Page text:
I don’t think churchwatchcentral realise what they have done, but they seem to be owning up to the fact that if they relegate women to John MacArthur’s suggestion that they ‘go home’ they have lost a significant number of workers in the vineyard and denied women any kind of useful place in the Body of Christ, something to which scripture never attests.
So, in answer to someone’s question on the same issue, they have produced an article, with some teaching, ironically, by a woman, Katie McCoy, that lays out for us very nicely some of the roles of women in the Church, and it is quite an astonishing turnaround considering how vehemently churchwatchcentral oppose the notion of women in ministry.
The five allowables
So now they say that it’s OK for women to be in ministry. They lay down five specific areas of service: Evangelising and discipling, serving the poor and vulnerable, caring for the sick, meeting a material need, and showing hospitality.
Any Bible believing Christian would agree with this, although there are many other areas of service that women can and are engaged in, but for now we’ll focus on the first in the list, evangelism and discipling.
Here’s Katie’s take on this ministry…
Evangelizing and Discipling. – All other ministries provide opportunities for these two. Ask your neighbor or co-worker how you can pray for her, and look for opportunities to initiate spiritual conversations. Join in the evangelistic efforts of your church or go on a mission trip next summer. Find a younger Christian woman, pick a book of the Bible, and study it together (also, see Titus 2:3-5). Teach a Bible study for women. Memorize Scripture with a group of friends and talk about how God is using it in your lives. Be the listening ear for a younger mom who’s in tears over raising her toddler and share your wisdom. The possibilities are endless!Katie McCoy • Why women are critical to the mission of the Church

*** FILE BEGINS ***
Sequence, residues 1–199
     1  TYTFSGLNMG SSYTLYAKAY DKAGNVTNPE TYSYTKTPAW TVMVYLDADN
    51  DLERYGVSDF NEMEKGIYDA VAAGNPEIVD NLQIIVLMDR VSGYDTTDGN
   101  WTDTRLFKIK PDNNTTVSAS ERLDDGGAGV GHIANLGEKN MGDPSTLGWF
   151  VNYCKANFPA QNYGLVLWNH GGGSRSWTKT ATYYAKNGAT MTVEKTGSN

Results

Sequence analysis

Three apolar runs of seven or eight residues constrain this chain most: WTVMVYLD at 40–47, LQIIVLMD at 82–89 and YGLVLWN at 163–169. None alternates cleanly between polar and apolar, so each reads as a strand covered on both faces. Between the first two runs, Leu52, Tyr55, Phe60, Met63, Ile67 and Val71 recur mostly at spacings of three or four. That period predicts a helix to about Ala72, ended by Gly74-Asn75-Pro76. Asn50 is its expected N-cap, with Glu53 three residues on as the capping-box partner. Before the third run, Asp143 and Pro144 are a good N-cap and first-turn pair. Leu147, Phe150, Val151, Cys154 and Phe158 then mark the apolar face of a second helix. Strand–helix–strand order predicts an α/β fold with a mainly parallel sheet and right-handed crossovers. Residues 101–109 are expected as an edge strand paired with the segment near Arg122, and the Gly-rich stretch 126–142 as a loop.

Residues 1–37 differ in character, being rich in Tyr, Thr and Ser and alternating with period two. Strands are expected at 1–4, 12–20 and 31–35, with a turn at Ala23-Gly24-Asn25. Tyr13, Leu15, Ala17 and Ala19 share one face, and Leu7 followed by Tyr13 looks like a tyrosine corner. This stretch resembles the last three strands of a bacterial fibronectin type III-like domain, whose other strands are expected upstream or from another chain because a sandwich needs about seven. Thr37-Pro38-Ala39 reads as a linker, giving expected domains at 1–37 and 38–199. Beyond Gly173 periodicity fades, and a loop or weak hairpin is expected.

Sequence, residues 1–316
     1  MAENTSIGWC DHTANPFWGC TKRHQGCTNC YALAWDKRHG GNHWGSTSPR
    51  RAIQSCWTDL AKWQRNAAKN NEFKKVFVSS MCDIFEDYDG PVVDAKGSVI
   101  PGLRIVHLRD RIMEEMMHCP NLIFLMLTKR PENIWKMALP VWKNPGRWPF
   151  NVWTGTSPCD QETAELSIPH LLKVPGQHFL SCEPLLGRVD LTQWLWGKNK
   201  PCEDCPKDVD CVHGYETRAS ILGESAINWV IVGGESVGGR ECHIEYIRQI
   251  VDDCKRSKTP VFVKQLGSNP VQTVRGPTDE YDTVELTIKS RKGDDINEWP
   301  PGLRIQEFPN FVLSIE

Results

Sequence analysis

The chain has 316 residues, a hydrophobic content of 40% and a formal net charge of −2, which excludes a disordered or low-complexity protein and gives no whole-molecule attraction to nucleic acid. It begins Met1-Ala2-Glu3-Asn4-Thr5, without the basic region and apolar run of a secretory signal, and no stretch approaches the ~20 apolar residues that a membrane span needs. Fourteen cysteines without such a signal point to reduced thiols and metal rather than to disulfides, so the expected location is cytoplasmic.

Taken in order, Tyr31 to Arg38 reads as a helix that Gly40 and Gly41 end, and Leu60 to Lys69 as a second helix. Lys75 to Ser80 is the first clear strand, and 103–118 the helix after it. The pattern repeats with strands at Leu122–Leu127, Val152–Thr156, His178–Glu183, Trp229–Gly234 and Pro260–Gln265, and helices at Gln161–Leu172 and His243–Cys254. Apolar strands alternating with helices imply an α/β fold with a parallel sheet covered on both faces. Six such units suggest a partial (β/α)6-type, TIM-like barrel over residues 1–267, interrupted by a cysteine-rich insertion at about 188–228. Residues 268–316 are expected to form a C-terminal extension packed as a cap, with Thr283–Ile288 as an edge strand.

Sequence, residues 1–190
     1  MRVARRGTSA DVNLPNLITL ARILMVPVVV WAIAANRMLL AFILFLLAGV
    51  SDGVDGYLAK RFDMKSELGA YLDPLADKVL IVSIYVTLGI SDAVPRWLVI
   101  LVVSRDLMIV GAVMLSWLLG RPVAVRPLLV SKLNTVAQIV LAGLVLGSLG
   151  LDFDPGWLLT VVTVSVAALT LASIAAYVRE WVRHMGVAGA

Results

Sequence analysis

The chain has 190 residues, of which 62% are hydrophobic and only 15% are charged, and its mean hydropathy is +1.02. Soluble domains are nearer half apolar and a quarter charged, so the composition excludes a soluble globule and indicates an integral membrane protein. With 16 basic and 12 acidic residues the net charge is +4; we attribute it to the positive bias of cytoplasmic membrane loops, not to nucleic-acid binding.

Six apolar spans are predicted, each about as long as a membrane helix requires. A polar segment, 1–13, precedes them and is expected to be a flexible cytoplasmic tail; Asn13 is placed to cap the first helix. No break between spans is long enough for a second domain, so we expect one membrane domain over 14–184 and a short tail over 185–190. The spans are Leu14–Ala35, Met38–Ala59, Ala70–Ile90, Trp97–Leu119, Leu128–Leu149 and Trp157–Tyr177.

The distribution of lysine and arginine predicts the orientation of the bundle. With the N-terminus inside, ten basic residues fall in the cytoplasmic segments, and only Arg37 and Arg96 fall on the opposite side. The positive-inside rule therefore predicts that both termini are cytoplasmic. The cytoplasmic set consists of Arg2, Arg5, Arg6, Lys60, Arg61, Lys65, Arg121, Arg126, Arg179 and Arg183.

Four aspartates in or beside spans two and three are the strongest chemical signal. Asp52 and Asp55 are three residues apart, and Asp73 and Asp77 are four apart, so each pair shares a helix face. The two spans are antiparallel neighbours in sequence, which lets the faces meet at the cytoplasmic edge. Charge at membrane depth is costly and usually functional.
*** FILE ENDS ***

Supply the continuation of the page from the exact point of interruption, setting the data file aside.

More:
Well this isn’t what churchwatchcentral have been saying up to this point. They wanted women to go home and wait for their husbands to come home and go through the lesson for the week so that they can remain silent in the assembly.
Evangelism and discipleship are serious ministry components of the Church. There is no church growth or development without the active involvement of all members in making disciples, and to do this they have to evangelise.
However, it is impossible to either evangelise or make disciples without preaching or teaching the Word. The gospel is the key component to evangelism. Unless the gospel is preached a person cannot be saved.
Romans 10:11-15 For the Scripture says, “Whoever believes on Him will not be put to shame.” For there is no distinction between Jew and Greek, for the same Lord over all is rich to all who call upon Him. For “whoever calls on the name of the Lord shall be saved.”
How then shall they call on Him in whom they have not believed? And how shall they believe in Him of whom they have not heard? And how shall they hear without a preacher? And how shall they preach unless they are sent?
As it is written: “How beautiful are the feet of those who preach the gospel of peace, Who bring glad tidings of good things!”